Impression of the TU/e Workwalk.

‘Walk and talk’ along two-kilometer-long meeting route

On the campus the beginning of May will see the creation of the TU/e Workwalk: a two-kilometer-long blue line which has to encourage people to meet or consult with each other while walking. Once finished, the Workwalk can, just like other meeting rooms, be reserved via Book My Space.

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There are initiatives galore to get people exercising under work time, TU/e researcher Ida Damen states. The drawback, though, she adds, is that in most cases these initiatives call for an interruption or break. “I think it would be more useful if you can really integrate exercise into your work.”

Damen is in the second year of her PhD track at the TU/e Department of Industrial Design, in cooperation with the Department of the Built Environment. For her research she focuses on increasing the vitality of office staff; one of the first studies in this context is the TU/e Workwalk.

For this purpose a roughly two-kilometer-long blue line will be ‘rolled out’ across the TU/e site at the beginning of May. A walk along the whole line, which mainly follows the Groene Loper, takes some twenty-five minutes. That fact is an advantage, says Damen, “as a result you don’t need to check your watch all the time during the meeting. Nor do you need to explain where people have to turn left or right, you just follow the line”.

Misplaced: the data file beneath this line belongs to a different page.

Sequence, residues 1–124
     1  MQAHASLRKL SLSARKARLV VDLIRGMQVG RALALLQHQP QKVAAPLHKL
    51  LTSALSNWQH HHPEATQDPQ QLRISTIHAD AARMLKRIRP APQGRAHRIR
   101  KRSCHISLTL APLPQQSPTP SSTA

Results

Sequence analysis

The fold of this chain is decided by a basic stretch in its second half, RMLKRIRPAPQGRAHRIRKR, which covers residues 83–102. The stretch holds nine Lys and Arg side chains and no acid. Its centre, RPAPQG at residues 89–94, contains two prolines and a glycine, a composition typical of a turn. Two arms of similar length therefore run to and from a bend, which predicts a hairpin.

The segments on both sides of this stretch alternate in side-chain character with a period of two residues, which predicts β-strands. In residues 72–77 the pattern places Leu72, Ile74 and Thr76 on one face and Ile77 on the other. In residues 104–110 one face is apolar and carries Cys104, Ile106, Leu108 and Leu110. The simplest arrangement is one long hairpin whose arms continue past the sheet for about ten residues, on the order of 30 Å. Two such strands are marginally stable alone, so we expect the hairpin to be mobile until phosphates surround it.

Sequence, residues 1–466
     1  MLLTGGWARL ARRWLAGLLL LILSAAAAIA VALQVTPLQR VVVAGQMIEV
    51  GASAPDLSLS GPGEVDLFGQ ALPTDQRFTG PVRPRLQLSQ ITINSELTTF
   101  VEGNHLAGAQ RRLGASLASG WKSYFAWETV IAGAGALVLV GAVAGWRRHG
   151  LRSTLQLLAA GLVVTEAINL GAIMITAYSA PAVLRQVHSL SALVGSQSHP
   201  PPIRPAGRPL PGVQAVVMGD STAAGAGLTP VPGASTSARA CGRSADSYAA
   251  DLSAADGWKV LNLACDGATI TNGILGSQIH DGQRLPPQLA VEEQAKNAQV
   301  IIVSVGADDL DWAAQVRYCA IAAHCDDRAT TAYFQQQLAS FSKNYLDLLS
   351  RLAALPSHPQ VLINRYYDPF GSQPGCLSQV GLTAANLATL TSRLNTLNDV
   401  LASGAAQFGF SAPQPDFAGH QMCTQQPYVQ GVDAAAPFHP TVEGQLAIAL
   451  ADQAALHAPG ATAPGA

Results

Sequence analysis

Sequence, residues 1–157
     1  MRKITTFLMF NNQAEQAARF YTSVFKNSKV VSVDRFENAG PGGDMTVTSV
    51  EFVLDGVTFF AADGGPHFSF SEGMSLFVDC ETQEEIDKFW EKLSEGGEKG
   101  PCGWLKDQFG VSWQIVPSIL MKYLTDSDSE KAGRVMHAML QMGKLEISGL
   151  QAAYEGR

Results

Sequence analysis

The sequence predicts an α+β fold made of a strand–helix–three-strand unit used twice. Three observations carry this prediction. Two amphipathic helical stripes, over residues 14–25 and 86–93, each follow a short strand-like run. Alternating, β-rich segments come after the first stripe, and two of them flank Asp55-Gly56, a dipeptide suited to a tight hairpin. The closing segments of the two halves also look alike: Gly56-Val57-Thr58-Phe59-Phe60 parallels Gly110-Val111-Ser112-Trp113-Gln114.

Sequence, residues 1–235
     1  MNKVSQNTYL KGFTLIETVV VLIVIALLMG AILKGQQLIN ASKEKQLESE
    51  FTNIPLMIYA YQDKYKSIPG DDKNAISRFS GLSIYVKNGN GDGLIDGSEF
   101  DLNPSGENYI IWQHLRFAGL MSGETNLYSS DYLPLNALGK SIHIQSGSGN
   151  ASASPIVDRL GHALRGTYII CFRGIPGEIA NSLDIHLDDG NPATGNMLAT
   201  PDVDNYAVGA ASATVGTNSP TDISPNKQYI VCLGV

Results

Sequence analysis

Visual directions

In addition, along the route the environment provides the walkers with a number of natural visual clues as to where they are. “If the pond is located halfway along the route and, once there, you still have a whole list of agenda items to tackle, you know: we have to get a move on.”

In due course the TU/e Workwalk can, just like the meeting and consultation rooms in the various university buildings, be reserved via Book My Space. A meeting or consultation can start at one of the meeting points located at the various TU/e buildings; from there participants just follow the blue line.

Damen hopes that the TU/e Workwalk will encourage people to look for some exercise outdoors more often, “also because the university facilitates it. It is just a new mode of consultation; going out briefly does not imply at all that you cannot be productive meanwhile”.

The PhD candidate does emphasize that not every type of meeting will be suitable for a walking meeting. Still, especially for ‘bilaterals’, rapid catch-ups between two or three people at the most, the Workwalk can be very handy, she thinks - as well as for ‘difficult’ conversations. “While walking outside side by side it is often easier to talk than when you are sitting opposite each other face-to-face.”

Photo on top of this page | Bart van Overbeeke
The route in pink below (click to enlarge)

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